- Non-public spaces are not factored in, so theoretically Jews could be receiving excessive antisemitic private messages that are untracked.
This is a discussion that happens regularly on the Jewish left, in both useful and harmful ways, where a more realistic picture of antisemitism is necessary. Some have argued that the discrepancy between Jewish reports of antisemitism and objective data on antisemitism could be the way that difficult discourse, such as that on Israel-Palestine, is presented. If criticism, particularly criticism that uses harsh language or is loose with the facts, of Israel is labeled as antisemitism, does this then increase the perceived frequency of antisemitism? If those cases are presented as a part of the same constellation as what we all know is antisemitism, does it mean that concerns over antisemitism may escalate past the point where the data is telling us? Could being loose with how we talk about antisemitism lead people to believe it is more frequent than it is, and that they are at a greater threat than they are?
At no point and time does Bossetta do what has become so common in left-wing journals in denying the present threat of antisemitism, but instead strives after a clearer picture of how great the danger is. Instead of undermining our efforts to fight antisemitism this measured approach should actually give us a leg up: the growing threat of antisemitism is not hopeless, we can fight back and make gains against it. Bossetta also points out that antisemitism rarely goes unchallenged online, which is itself a much more hopeful picture of the situation since it reminds us that there is more consciousness, allyship, and action on antisemitism than there is antisemitism itself. Bossetta, along with other contributors, highlight some of the factors that allow us to push back more effectively, such as effective moderation and education, empowering counter-speech, and addressing the spaces that percolate the most antisemitism. While these studies do rely on dispassionate writing styles in an effort to let the research speak for itself, we understand that this information is being presented not just for disinterested reasons. The research is meant to give us the tools needed to neutralize antisemitism before it becomes lethal.
One element of Antisemitism on Social Media that could be a problem is the extensive embrace of the International Holocaust Remembrance Association (IHRA) “Working Definition” of antisemitism. The IHRA definition has been widely adopted by academic, NGO, and governmental bodies as the definitive measuring tool for identifying antisemitism, but it has also gained an incredible amount of criticism by those who say it unfairly ropes in criticism of Israel. The definition’s examples, which are the meat of the tool itself, include criticisms of Israel and Zionism that should not be universally understood as constituting antisemitism, and this definition has been used against Palestinian activists working in movements like the Boycott, Divestment, and Sanctions (BDS) project. When the IHRA definition is used as part of a statistical analysis or study, it can skew the data, finding more antisemitism and showing that antisemitism primarily emerging from criticisms of Israel. This is a concern for a book like this that focuses so heavily on producing numerical data on frequency, type, and spatiality of antisemitic incidents. But what stands out most about Antisemitism on Social Media is that the scholars who employ the IHRA definition do not let the definition simply define their work without examining the results. Instead, while they may use the definition to locate antisemitism, special care was taken to parse through the examples and remove those that are not dependably defined as antisemitic. The care taken in managing the data makes the reader much more trusting in the numbers produced, even though the IHRA definition may be considered questionable. The authors in the book do more than simply fixing some of the problems in the IHRA definition, they instead re-analyze the data closely enough to ensure that the antisemitic incidents included in these reports are, in fact, always appropriate to that label. This is a standard that all studies should have on the subject, not just ones correcting for a faulty definition. Still, it would have been good to see the problems with the IHRA definition acknowledged and the inclusion of counter-definitions like the Jerusalem Declaration (JDA) used more frequently. It was nice to see Sophie Schmalenberger and Monika Hübscher using the JDA in their chapter, which is uncommon in most Antisemitism Studies institutes, so hopefully this book can chart a course that includes more robust definitions of antisemitism rather than simply reproducing the most common one.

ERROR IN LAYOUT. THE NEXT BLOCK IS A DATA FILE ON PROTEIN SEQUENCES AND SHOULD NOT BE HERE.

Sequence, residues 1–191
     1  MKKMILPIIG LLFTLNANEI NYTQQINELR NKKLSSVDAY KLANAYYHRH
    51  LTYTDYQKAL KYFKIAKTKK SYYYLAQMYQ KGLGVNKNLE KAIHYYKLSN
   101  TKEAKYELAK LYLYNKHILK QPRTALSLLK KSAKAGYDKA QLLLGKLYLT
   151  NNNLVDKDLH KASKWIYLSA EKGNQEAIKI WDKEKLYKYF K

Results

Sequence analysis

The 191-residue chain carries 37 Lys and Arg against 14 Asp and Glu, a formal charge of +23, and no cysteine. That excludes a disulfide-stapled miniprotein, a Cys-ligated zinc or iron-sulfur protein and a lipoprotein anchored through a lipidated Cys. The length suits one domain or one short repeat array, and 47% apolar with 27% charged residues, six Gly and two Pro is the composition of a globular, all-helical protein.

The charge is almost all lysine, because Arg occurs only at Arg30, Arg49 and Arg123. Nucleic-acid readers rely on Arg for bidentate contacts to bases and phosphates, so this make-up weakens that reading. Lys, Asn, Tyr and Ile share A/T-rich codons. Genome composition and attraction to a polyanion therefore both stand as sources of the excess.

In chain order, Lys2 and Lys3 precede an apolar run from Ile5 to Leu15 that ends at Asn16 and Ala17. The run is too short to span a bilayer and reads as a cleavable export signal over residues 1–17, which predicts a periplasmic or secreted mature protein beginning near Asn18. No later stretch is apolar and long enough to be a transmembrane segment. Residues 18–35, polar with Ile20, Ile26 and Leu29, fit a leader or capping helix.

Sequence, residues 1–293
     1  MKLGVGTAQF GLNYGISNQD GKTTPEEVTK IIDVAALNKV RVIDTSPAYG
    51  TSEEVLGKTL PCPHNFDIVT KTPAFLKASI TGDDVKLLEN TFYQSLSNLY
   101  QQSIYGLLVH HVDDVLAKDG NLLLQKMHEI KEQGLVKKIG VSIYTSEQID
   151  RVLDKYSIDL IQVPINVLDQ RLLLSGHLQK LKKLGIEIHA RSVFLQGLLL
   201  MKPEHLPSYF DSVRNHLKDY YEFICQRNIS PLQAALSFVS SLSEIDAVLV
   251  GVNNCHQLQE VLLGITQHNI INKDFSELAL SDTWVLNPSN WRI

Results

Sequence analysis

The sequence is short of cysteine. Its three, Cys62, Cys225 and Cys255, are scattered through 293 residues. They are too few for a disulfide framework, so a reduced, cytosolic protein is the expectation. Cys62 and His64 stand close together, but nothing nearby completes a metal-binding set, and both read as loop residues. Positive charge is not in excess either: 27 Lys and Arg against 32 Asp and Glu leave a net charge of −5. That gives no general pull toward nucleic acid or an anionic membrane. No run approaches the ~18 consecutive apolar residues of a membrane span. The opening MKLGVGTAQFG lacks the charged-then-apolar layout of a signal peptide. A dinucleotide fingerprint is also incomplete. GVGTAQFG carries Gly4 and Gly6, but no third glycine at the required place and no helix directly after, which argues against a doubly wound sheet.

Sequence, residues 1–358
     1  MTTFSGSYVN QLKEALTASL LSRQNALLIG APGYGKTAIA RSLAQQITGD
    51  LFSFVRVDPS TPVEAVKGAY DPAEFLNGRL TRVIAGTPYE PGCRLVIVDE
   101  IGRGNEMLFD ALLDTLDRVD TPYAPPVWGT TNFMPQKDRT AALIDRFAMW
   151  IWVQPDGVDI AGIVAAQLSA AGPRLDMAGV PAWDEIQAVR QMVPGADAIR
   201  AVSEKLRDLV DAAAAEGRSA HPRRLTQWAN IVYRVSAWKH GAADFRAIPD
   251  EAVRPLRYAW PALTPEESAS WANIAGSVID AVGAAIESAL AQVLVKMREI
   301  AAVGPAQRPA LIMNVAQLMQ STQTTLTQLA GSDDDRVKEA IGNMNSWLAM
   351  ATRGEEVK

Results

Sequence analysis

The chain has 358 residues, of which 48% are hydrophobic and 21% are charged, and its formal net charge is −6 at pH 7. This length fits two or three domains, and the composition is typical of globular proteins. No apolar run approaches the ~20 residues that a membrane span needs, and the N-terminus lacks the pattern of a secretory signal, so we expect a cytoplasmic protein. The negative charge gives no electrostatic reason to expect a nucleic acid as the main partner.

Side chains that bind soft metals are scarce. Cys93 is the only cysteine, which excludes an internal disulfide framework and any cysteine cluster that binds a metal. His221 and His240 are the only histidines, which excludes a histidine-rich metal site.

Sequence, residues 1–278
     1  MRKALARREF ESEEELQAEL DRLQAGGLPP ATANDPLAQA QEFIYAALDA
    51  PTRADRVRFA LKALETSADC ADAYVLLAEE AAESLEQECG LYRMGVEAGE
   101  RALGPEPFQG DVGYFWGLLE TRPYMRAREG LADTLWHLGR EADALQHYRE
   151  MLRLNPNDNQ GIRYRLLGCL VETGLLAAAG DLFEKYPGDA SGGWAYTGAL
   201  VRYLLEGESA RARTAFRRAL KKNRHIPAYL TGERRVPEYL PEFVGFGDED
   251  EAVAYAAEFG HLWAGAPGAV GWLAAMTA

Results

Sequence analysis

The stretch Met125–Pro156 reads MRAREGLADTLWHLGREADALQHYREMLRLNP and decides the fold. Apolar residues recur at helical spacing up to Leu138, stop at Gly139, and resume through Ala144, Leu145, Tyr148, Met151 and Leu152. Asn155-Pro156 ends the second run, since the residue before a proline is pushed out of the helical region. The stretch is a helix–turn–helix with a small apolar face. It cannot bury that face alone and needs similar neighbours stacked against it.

Antisemitism on Social Media is just one of several recent anthologies trying to quantify and qualify the recent antisemitic insurgency. Anthologies like Sol Goldberg, Scott Ury, and Kalman Weiser’s book Key Concepts in the Study of Antisemitism lay out a useful series of frameworks for how to approach antisemitism from different disciplines or specific sub-topics. Other books like Ari Kohen and Gerald J. Steinarcher’s Antisemitism on the Rise: The 1930s and Today try to compare historical antisemitism in today by looking for unexamined correlations, producing a volume that is readable beyond its core audience. At the same time, books like Alvin Rosenfeld’s Contending With Antisemitism in a Rapidly Changing Political Climate, released last year, will likely get the most attention, which is unfortunate given its turn towards sensationalism, right-wing agitprop, and a lack of dependable research. Among this crowd, Antisemitism on Social Media is both the most technical and perhaps the most useful: for researchers, civic organizations, organizers, and other people working in the field, this is going to give you the most dependable and accessible data to govern your work. Unlike the other books, it also may have less crossover to people outside of the field because of its reliance on statistical methodologies and lack of prose passages, but this hardly seemed to be its goal. Instead, it is an intervention into a field that desperately needs dependable numbers, and rarely do we see a volume that tries to bring together as many relevant studies with such up-to-date research in a singular work. In that way, Monika Hübscher and Sabine von Mering have produced something incredibly special and is guaranteed to be on every researcher’s Works Cited for years to come.